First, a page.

"She has been struggling emotionally and is not in a situation where she should plan a wedding," a source told us. "She had to take a step back and just breathe for a minute. She's been completely overwhelmed and wants to slow down."

After an emotional and eventful year, Ariana returned to her "happy place": the recording studio. 

Following the split, a source told E! News  that Ariana "wants to pour her heart and soul into her music, and being in the studio really helps her deal with her emotions."

And that's exactly what she did, putting out her most successful album to date. 

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In February, Ariana released her album Thank U, Next, her second outing in less than a year.

Thank U, Next, which she called a "a more honest n vulnerable" album, provided Ari with her first No. 1 single on the Billboard Hot 100 with the title track, which also broke the record for most plays in a single day by a female artist on Spotify.

The song instantly became a new kind of break-up anthem, both reflective and fun, promoting self-love and acceptance over pettiness and melodrama.


And then there was the infamous music video, which paid homage to classic rom-coms like Mean Girls, Bring It On and Legally Blonde, and featured cameos from Mean Girls star Jonathan Bennett, a slew of Ari's former Victorious co-stars and Kris Jenner, who infamously says, "Thank you, next, b—ch!" in the record-breaking video. 

If the single itself was a hit, the video was a monster hit, breaking the record for the most-watched music video in YouTube within a 24-hour window. That would be 55.4 million views in one day, thank u, very much.

"7 Rings," her follow-up single off Thank U, Next, performed even better, remaining atop the Billboard Hot 100 for eight weeks.

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She also became the first female artist to replace herself at No. 1 on the UK singles chart with the release of the third single off the album, "Break Up With Your Girlfriend, I'm Bored."

To cap off Thank U, Next's success, Ari celebrated another career milestone in February, winning her first-ever Grammy, taking home the award for Best Pop Vocal Album for Sweetener.

Ironically, it was a bittersweet victory, as Ariana, who was originally supposed to perform during the show, ended up boycotting music's biggest night after a public disagreement with Grammy producers over her set list.


"F--k," Grande tweeted after learning of her Grammy win. "I know i'm not there tonight (trust, I tried and still truly wished it had worked out tbh) and I know I said I try not to put too much weight into these things .... but f--k ....... this is wild and beautiful. Thank you so much."

You'd think after releasing two back-to-back albums, winning her first Grammy, and you know, going through everything she had been through in her personal life, Ariana would need some much-earned rest. Well, you'd be wrong: She kicked off her Sweetener World Tour on March 18 and will be touring until October.

During the tour's kick-off in Albany, New York, Ariana paid tribute to Miller, with many of her late ex's songs playing in the background before she took the stage.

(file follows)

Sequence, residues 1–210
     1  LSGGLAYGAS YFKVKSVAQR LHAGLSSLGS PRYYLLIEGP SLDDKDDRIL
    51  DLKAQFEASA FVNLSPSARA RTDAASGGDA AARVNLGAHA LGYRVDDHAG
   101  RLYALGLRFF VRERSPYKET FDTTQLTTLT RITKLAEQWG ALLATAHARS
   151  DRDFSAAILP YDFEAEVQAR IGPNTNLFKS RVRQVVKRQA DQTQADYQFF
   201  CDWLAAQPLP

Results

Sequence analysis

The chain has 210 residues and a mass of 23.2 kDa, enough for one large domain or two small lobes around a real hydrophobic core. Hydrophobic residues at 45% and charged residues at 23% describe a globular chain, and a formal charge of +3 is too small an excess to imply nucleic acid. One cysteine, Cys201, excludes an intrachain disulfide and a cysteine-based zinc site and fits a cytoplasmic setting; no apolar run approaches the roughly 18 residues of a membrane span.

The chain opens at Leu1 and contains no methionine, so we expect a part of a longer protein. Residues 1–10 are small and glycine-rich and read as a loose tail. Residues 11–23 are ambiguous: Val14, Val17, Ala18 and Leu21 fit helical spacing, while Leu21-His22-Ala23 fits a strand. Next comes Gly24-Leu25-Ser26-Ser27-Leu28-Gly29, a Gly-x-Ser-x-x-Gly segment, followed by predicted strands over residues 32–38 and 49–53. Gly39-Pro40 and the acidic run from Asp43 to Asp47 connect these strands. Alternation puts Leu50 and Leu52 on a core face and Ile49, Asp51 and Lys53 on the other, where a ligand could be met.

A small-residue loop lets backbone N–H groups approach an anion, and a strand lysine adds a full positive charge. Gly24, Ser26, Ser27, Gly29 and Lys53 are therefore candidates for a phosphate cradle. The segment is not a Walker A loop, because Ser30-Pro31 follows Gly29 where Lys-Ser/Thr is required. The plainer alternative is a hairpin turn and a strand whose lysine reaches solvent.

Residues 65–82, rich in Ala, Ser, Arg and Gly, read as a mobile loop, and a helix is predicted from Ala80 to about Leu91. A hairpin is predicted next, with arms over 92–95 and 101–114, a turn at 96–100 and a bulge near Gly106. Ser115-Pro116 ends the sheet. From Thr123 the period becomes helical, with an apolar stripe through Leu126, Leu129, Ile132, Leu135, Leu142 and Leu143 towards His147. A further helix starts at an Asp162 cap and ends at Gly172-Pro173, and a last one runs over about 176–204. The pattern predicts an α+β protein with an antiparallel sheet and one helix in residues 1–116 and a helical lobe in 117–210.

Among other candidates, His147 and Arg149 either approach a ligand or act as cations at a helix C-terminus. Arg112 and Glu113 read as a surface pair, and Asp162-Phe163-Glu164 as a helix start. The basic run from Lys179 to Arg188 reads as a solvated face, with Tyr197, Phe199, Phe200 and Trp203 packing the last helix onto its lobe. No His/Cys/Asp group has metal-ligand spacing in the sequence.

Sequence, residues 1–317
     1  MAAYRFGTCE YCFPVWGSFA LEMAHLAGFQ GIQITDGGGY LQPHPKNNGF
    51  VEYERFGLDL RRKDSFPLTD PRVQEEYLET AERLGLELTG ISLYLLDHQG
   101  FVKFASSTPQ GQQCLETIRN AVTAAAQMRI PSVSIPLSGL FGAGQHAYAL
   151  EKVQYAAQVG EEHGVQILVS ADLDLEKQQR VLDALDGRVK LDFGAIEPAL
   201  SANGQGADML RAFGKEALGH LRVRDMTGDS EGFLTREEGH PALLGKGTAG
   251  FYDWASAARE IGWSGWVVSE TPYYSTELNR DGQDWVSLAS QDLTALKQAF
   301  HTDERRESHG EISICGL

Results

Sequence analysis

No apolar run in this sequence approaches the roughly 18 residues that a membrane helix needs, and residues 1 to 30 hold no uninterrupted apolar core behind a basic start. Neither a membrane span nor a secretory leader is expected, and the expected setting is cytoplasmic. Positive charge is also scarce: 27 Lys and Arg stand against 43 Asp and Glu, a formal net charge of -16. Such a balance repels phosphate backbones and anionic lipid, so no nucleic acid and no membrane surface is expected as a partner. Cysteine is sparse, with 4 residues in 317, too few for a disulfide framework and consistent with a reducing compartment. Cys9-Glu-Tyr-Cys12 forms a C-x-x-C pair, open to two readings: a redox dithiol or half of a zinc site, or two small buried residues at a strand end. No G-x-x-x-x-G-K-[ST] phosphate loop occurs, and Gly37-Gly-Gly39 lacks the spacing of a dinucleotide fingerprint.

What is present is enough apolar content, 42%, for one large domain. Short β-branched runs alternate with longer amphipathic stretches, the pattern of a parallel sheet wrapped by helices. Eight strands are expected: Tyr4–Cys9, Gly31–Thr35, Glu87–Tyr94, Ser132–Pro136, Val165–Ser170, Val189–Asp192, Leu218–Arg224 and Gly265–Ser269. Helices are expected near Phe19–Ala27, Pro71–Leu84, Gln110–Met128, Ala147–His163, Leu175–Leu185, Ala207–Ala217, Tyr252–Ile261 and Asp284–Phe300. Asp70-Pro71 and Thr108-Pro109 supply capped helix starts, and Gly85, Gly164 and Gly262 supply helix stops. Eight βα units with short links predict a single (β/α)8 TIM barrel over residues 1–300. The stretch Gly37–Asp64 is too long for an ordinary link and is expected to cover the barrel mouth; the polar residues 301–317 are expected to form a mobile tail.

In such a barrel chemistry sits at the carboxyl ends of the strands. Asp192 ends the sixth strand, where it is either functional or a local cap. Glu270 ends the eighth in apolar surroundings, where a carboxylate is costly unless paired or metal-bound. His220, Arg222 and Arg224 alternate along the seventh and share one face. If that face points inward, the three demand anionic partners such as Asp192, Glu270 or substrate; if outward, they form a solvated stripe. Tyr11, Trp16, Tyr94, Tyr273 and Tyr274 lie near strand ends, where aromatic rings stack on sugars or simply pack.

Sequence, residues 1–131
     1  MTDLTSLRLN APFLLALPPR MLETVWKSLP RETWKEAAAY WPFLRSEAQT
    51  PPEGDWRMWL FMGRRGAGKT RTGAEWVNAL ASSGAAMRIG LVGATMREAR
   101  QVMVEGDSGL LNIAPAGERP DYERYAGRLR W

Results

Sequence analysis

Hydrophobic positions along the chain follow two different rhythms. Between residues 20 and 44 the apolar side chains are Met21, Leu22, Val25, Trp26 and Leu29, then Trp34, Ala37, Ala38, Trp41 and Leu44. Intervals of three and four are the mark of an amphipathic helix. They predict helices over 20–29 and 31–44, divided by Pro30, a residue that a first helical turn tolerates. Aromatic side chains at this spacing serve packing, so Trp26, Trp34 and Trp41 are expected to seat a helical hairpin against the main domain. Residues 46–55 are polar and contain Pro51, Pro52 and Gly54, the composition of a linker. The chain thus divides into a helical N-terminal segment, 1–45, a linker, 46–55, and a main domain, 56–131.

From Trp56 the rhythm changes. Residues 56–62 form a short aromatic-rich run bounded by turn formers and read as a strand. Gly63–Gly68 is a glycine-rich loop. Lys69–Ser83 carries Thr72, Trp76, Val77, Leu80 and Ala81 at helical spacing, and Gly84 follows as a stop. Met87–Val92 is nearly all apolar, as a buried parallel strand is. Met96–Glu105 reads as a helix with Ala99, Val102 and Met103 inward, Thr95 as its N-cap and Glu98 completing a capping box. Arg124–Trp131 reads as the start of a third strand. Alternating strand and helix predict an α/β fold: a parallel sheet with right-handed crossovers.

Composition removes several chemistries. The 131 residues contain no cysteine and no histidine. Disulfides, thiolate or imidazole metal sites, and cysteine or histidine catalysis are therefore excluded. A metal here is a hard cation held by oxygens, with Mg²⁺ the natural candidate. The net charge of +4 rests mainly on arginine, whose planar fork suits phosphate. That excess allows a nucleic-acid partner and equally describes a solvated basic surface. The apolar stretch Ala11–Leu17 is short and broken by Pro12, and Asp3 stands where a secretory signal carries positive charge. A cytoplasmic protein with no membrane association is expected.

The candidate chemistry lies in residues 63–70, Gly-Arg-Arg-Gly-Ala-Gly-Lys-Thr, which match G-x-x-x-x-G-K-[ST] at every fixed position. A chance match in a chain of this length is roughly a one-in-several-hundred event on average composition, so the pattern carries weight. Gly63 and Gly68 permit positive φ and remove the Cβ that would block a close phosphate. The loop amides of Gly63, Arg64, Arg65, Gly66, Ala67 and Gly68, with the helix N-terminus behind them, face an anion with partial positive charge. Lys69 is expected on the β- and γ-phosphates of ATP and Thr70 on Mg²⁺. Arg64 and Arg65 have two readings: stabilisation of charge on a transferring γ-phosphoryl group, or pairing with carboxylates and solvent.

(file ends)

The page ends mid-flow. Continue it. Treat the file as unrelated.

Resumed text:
It wasn't the first time she had honored Miller since his tragic death; two months after his death, she covered up a tattoo pertaining to Davidson with one about Miller. (She changed the ink on her foot that read "8418," which was Davidson's father's FDNY badge number, to one dedicated to Myron, Miller's dog.)

Aside from the obvious reference to the rapper in "Thank u, next," many fans believe the song "Imagine" was also about her ex, whom she dated for two years. 

Robin Harper

Before Ari's headlining turn in the desert, just three woman before her snagged the top spot at Coachella.

Bjork was the first to do so in 2007, with Lady Gaga following her over a decade later when she replaced Beyoncé, who had to post-pone her Coachella debut after announcing her pregnancy.

But Bey, who was the first woman of color to headline the fest, more than made up for it when she took the stage in 2018, delivering an iconic performance, which featured appearances by Jay-Z, her Destiny's Child band mates, and Solange, as well as over 200 dancers and a full marching band.

The performance lasted over two hours and "paid homage to America's historically black colleges and universities."

On April 17, Beyoncé's documentary Homecoming: A Film By Beyoncé, is set to drop on Netflix, which will give fans an "intimate" behind the scenes look at the preparation that went into her Coachella performance.

So what can fans expect from Ari's own history-making performance?

"similar but w many surprises and a few more songs," she responded to fan on Twitter asking if her Coachella performance would be similar to her tour, which has included some emotionally challenging moments for the singer. 

"thanks for accepting my humanness. it's super emo and difficult singing some of these songs. but you make me smile," she wrote to her fans on March 26 after her show in Washington, D.C.

While she's yet to share exactly what her history-making Coachella performance will look like, one thing's for sure: Despite the highs and lows of the last few years, Ariana has managed to come out on top, "healthier" and more successful than ever. 

"it feels sm healthier & sm more authentic & rewarding. regardless of the outcome, i prefer this bc it's real & feels happy. no games," she wrote on Twitter. "i love music. i love the ppl i make it w. these past few months made me fall in love w this job all over again."